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Children with better vocabularies are more
likely to have future success in life. A new study conducted at Pennsylvania
State University, University of California–Irvine and Columbia University,
analyzed 8,650 children at the age of 2 and then again at the age of 5.
Children entering kindergarten with higher
levels of math and reading achievements were more likely to go to college, own
a home or get married. They were expected to live in higher-income
neighborhoods than children who were less prepared, particularly those with a
The study focused on academic and behavioral
achievements of the children. Kindergarten teachers rated their behavioral
self-regulation and any acting out of anxiety. Researchers also included a
range of background characteristics, such as sociodemographics and parenting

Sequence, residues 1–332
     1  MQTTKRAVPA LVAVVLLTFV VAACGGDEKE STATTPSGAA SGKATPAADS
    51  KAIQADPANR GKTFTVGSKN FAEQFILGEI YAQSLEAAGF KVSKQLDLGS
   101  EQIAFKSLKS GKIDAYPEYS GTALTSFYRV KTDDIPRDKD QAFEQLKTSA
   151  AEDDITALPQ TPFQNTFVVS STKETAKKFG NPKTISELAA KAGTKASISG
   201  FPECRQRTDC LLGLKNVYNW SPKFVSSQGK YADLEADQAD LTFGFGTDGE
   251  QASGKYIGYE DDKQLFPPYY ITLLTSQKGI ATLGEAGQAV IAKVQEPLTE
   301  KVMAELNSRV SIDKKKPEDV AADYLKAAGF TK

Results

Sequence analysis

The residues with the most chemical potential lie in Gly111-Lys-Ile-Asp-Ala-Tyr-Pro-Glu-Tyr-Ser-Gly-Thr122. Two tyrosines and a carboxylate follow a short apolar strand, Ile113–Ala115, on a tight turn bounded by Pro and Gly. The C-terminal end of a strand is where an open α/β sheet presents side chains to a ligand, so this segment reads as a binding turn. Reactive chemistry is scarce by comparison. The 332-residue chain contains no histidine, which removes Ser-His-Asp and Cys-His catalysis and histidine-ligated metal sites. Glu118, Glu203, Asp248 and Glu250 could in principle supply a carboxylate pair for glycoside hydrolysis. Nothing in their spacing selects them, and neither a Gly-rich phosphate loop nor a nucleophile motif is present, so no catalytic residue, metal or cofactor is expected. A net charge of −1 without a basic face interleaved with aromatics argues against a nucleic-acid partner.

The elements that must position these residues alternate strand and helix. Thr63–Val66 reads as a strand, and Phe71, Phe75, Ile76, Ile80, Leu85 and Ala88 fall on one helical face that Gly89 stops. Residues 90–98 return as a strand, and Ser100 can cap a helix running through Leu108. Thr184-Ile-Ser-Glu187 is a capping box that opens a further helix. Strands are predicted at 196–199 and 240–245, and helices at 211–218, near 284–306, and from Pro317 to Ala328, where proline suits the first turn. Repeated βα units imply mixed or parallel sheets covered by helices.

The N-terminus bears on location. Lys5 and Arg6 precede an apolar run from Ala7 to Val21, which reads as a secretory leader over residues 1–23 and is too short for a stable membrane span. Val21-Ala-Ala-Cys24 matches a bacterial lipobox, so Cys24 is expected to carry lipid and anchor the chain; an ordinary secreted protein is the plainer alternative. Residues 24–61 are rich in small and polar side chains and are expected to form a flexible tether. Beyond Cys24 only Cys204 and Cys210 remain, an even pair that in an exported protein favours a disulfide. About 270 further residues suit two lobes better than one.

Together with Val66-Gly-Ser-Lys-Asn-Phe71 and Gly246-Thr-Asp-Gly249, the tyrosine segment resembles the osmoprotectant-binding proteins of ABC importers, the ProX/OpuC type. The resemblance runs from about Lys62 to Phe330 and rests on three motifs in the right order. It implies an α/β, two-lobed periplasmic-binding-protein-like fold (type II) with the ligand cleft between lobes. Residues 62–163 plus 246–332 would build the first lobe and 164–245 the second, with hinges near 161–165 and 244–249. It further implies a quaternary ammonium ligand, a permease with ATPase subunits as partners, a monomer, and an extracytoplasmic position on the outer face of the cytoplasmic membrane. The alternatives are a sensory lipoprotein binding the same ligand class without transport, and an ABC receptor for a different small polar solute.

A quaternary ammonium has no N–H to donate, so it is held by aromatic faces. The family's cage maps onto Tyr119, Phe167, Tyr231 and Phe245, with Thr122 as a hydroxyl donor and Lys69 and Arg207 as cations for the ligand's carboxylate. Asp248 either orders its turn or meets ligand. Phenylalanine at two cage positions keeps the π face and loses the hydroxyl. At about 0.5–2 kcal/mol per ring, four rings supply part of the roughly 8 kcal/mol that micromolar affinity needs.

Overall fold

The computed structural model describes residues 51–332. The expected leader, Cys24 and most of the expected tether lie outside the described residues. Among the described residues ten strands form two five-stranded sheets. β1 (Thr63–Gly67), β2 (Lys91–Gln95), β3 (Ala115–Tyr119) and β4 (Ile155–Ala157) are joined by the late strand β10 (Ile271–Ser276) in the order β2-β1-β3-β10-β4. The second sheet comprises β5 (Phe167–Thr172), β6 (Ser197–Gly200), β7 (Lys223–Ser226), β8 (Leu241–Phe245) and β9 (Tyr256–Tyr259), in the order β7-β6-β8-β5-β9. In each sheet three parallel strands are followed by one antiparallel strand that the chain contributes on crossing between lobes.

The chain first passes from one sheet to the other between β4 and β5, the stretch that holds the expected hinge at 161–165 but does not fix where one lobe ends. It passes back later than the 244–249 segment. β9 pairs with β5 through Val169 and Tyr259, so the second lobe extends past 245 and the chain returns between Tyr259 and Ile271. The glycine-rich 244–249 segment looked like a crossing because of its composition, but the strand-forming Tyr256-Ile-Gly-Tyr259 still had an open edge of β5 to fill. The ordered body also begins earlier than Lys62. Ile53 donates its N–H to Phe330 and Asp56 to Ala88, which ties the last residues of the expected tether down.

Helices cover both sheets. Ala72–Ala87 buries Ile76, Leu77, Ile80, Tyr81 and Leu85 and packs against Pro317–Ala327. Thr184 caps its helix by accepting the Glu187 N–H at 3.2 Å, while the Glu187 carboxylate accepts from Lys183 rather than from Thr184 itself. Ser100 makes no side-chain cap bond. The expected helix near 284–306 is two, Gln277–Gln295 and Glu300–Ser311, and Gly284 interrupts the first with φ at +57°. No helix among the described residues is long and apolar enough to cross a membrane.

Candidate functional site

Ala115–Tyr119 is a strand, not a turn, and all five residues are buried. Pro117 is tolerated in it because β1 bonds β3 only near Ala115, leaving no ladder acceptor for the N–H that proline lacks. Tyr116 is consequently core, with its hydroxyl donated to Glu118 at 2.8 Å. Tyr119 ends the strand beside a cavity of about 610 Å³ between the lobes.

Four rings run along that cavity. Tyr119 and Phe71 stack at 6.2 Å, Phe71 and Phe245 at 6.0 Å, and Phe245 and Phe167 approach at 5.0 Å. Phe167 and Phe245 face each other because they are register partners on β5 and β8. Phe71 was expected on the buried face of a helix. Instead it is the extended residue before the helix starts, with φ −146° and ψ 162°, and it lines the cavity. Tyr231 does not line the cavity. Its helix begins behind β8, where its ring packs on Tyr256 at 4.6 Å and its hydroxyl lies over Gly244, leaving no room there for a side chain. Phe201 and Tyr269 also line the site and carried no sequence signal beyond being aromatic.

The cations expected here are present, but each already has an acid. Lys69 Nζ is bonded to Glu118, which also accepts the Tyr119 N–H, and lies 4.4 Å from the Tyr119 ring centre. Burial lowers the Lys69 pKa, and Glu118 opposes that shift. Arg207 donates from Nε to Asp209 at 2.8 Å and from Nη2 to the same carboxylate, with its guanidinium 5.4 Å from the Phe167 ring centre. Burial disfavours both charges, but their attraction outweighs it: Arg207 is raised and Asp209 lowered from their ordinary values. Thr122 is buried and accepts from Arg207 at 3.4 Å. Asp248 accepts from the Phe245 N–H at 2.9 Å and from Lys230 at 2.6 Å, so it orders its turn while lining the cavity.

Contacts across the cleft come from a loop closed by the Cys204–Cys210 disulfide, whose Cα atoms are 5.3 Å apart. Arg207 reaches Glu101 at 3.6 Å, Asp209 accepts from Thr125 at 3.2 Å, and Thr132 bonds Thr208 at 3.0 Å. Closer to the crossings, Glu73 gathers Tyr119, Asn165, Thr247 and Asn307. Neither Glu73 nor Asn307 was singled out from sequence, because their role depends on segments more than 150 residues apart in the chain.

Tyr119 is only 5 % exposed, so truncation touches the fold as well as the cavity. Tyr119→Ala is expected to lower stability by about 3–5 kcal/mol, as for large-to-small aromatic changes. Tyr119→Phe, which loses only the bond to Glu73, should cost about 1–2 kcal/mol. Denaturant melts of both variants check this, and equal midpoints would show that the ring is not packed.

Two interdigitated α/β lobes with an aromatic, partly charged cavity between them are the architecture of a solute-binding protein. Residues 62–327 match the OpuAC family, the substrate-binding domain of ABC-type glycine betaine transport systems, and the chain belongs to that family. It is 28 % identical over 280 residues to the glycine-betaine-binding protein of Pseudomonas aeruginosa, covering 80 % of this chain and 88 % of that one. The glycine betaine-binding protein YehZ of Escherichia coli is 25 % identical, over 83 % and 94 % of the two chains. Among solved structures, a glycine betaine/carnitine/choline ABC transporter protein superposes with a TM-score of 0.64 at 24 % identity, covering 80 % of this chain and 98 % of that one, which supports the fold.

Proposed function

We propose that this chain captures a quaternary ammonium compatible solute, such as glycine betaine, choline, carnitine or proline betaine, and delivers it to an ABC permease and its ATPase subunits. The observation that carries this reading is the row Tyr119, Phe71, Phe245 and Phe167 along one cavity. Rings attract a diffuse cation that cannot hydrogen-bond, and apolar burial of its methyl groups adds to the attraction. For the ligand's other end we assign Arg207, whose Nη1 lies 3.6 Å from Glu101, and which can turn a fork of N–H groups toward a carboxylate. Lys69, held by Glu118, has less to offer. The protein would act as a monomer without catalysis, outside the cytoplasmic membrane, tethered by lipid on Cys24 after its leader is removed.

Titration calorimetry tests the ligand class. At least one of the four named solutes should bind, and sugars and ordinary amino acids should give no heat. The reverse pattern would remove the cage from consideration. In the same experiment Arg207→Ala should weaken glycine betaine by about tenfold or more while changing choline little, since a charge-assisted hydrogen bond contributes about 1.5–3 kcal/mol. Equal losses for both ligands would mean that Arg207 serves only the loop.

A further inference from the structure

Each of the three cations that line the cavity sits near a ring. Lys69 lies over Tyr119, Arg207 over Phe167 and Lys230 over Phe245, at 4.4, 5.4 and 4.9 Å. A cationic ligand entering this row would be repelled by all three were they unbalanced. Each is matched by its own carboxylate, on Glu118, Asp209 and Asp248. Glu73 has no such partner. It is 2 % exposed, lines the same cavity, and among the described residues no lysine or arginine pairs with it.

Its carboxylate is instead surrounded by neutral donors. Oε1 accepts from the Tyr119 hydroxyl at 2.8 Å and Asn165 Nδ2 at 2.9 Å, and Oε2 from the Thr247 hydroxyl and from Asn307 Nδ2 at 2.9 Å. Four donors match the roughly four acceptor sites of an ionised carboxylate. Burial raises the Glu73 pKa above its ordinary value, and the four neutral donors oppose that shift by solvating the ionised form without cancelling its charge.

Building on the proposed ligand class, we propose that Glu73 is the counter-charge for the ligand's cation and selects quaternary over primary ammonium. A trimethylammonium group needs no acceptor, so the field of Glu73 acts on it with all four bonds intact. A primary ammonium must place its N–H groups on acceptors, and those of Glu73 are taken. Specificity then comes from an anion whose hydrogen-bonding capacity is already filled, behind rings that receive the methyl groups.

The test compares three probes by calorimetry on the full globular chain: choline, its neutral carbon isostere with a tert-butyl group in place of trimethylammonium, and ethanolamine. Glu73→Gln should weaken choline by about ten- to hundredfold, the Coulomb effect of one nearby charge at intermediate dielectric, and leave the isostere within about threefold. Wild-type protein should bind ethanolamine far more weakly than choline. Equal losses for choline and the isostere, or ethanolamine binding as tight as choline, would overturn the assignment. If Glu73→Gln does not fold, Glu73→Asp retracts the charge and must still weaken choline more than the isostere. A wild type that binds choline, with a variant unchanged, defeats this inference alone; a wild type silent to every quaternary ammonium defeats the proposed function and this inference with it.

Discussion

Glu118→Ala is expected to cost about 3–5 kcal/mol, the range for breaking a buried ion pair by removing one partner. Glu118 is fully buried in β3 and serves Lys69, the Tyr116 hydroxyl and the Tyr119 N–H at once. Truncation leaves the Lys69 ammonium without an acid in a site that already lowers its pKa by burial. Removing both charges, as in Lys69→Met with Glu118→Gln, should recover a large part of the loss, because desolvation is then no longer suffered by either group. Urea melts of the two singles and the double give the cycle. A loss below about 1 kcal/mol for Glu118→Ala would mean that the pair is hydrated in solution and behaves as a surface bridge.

quality. They used the breadth of information to determine the role of
vocabulary growth on a child's possible future success.
When the children were again studied three years
later, researchers found that those who had a larger oral vocabulary when they
were younger were better prepared in their education.
"Our findings provide compelling evidence for
oral vocabulary's theorized importance as a multifaceted contributor to
children's early development," Paul Morgan, research leader and associate
professor of education at the Pennsylvania State University, told the Daily
The study also showed the influence parents have
on their children's education, even at such a young age.
"Our findings are also consistent with prior
work suggesting that parents who are stressed, overburdened, less engaged, and
who experience less social support may talk, read, or otherwise interact with
their children less frequently, resulting in their children acquiring smaller
oral vocabularies," George Farkas, co-author and professor of education at U.C. Irvine, told the Daily Mail.